She looked desperately at the smooth-bowled pipes, and wondered--
should she walk on by the Strand or by the Embankment? It was not a
simple question, for it concerned not different streets so much as
different streams of thought. If she went by the Strand she would
force herself to think out the problem of the future, or some
mathematical problem; if she went by the river she would certainly
begin to think about things that didn't exist--the forest, the ocean
beach, the leafy solitudes, the magnanimous hero. No, no, no! A
thousand times no!--it wouldn't do; there was something repulsive in
such thoughts at present; she must take something else; she was out of
that mood at present. And then she thought of Mary; the thought gave
her confidence, even pleasure of a sad sort, as if the triumph of
Ralph and Mary proved that the fault of her failure lay with herself
and not with life. An indistinct idea that the sight of Mary might be
of help, combined with her natural trust in her, suggested a visit;
for, surely, her liking was of a kind that implied liking upon Mary's
side also. After a moment's hesitation she decided, although she
seldom acted upon impulse, to act upon this one, and turned down a
side street and found Mary's door. But her reception was not
encouraging; clearly Mary didn't want to see her, had no help to
impart, and the half-formed desire to confide in her was quenched
immediately. She was slightly amused at her own delusion, looked
rather absent-minded, and swung her gloves to and fro, as if doling
out the few minutes accurately before she could say good-by.

Those few minutes might very well be spent in asking for information
as to the exact position of the Suffrage Bill, or in expounding her
own very sensible view of the situation. But there was a tone in her
voice, or a shade in her opinions, or a swing of her gloves which
served to irritate Mary Datchet, whose manner became increasingly
direct, abrupt, and even antagonistic. She became conscious of a wish
to make Katharine realize the importance of this work, which she
discussed so coolly, as though she, too, had sacrificed what Mary
herself had sacrificed. The swinging of the gloves ceased, and
Katharine, after ten minutes, began to make movements preliminary to
departure. At the sight of this, Mary was aware--she was abnormally
aware of things to-night--of another very strong desire; Katharine was
not to be allowed to go, to disappear into the free, happy world of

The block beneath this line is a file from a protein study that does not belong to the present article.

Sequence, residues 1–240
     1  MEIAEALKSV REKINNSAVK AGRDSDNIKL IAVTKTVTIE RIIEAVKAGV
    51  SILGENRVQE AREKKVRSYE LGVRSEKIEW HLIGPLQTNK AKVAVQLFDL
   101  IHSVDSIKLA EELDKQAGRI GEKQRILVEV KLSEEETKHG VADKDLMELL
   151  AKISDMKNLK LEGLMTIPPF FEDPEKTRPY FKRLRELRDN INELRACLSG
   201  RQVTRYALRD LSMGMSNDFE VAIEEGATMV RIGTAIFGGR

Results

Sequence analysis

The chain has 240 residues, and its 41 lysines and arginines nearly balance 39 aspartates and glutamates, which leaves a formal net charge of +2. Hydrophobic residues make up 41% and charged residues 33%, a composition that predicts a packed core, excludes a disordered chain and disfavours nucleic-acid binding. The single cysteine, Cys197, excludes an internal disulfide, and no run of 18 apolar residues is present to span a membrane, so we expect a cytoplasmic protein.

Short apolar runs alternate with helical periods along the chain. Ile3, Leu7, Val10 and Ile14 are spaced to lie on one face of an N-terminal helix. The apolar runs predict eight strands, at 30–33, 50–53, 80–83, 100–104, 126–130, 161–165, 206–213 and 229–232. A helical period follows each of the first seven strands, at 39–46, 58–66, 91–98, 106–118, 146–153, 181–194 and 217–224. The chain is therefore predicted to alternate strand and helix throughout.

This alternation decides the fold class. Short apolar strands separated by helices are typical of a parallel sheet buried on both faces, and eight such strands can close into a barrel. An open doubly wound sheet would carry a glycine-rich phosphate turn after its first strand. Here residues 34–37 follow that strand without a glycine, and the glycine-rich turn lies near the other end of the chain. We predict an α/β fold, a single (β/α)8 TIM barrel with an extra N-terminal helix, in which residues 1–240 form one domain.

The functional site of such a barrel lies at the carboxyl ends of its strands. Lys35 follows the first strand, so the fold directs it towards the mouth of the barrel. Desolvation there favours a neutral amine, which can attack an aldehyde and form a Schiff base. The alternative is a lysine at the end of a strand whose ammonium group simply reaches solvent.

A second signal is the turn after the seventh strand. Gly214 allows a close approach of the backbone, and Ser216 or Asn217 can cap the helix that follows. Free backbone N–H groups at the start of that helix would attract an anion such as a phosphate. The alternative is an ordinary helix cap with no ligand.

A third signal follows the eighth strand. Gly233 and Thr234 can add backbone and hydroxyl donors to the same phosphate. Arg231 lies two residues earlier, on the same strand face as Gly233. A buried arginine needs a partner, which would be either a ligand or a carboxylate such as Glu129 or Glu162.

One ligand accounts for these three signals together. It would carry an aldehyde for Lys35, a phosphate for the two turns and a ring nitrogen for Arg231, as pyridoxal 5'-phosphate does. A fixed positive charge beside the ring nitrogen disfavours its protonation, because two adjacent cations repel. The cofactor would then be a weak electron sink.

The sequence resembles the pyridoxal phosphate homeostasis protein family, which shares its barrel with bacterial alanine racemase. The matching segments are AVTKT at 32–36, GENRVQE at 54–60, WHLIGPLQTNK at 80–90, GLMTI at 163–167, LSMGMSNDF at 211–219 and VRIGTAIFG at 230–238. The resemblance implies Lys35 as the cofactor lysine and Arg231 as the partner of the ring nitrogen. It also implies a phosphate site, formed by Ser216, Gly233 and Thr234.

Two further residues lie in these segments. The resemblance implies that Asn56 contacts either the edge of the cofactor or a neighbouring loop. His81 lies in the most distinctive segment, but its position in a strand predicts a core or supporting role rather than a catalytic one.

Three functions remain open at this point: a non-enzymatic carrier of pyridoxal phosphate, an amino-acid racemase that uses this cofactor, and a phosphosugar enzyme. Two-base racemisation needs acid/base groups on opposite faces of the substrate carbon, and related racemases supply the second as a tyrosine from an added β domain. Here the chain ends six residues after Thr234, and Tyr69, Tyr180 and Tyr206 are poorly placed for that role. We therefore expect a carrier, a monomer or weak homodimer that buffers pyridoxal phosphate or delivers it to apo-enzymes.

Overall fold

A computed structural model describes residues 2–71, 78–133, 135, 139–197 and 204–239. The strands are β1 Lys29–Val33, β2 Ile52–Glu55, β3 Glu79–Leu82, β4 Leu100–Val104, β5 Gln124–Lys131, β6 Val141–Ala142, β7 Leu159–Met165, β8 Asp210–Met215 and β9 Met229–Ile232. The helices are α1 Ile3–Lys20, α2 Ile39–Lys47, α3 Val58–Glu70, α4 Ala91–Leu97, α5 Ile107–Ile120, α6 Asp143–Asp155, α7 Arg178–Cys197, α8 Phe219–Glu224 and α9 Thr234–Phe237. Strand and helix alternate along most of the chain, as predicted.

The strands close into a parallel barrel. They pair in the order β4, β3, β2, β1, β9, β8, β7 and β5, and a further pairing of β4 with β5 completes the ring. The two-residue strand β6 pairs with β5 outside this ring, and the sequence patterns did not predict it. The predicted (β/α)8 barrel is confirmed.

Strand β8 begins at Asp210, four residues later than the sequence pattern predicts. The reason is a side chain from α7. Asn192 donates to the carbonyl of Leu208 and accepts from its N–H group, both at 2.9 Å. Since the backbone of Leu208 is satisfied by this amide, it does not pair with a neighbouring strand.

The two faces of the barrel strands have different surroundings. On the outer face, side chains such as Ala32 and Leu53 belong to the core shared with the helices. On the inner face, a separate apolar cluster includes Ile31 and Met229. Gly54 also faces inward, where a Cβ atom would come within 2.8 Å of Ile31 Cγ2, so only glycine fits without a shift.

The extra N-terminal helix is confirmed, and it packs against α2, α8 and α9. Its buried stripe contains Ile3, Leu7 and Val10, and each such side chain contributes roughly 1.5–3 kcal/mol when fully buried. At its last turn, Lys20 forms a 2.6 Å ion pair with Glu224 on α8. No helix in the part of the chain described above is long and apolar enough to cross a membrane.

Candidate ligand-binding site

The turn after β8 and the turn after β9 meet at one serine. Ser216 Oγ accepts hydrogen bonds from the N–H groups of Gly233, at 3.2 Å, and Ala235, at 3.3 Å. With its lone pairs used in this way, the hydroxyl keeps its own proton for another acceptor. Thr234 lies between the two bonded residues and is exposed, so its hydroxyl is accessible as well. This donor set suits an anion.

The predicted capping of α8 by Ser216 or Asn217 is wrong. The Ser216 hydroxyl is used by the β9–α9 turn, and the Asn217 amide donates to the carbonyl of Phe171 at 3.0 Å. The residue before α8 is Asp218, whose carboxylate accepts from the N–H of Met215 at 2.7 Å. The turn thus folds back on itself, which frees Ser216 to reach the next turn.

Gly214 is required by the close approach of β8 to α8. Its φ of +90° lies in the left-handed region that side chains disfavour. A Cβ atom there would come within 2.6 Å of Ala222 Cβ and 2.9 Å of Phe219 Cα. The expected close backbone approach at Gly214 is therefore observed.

irresponsible individuals. She must be made to realize--to feel.

"I don't quite see," she said, as if Katharine had challenged her
explicitly, "how, things being as they are, any one can help trying,
at least, to do something."

"No. But how ARE things?"

Mary pressed her lips, and smiled ironically; she had Katharine at her
mercy; she could, if she liked, discharge upon her head wagon-loads of
revolting proof of the state of things ignored by the casual, the
amateur, the looker-on, the cynical observer of life at a distance.
And yet she hesitated. As usual, when she found herself in talk with
Katharine, she began to feel rapid alternations of opinion about her,
arrows of sensation striking strangely through the envelope of
personality, which shelters us so conveniently from our fellows. What
an egoist, how aloof she was! And yet, not in her words, perhaps, but
in her voice, in her face, in her attitude, there were signs of a soft
brooding spirit, of a sensibility unblunted and profound, playing over
her thoughts and deeds, and investing her manner with an habitual
gentleness. The arguments and phrases of Mr. Clacton fell flat against
such armor.

"You'll be married, and you'll have other things to think of," she
said inconsequently, and with an accent of condescension. She was not
going to make Katharine understand in a second, as she would, all she
herself had learnt at the cost of such pain. No. Katharine was to be
happy; Katharine was to be ignorant; Mary was to keep this knowledge
of the impersonal life for herself. The thought of her morning's
renunciation stung her conscience, and she tried to expand once more
into that impersonal condition which was so lofty and so painless. She
must check this desire to be an individual again, whose wishes were in
conflict with those of other people. She repented of her bitterness.

Katharine now renewed her signs of leave-taking; she had drawn on one
of her gloves, and looked about her as if in search of some trivial
saying to end with. Wasn't there some picture, or clock, or chest of
drawers which might be singled out for notice? something peaceable and
friendly to end the uncomfortable interview? The green-shaded lamp
burnt in the corner, and illumined books and pens and blotting-paper.
The whole aspect of the place started another train of thought and
struck her as enviably free; in such a room one could work--one could
have a life of one's own.

"I think you're very lucky," she observed. "I envy you, living alone
and having your own things"--and engaged in this exalted way, which
had no recognition or engagement-ring, she added in her own mind.

Mary's lips parted slightly. She could not conceive in what respects
Katharine, who spoke sincerely, could envy her.

"I don't think you've got any reason to envy me," she said.

"Perhaps one always envies other people," Katharine observed vaguely.

"Well, but you've got everything that any one can want."

Katharine remained silent. She gazed into the fire quietly, and
without a trace of self-consciousness. The hostility which she had
divined in Mary's tone had completely disappeared, and she forgot that
she had been upon the point of going.

"Well, I suppose I have," she said at length. "And yet I sometimes
think--" She paused; she did not know how to express what she meant.

"It came over me in the Tube the other day," she resumed, with a
smile; "what is it that makes these people go one way rather than the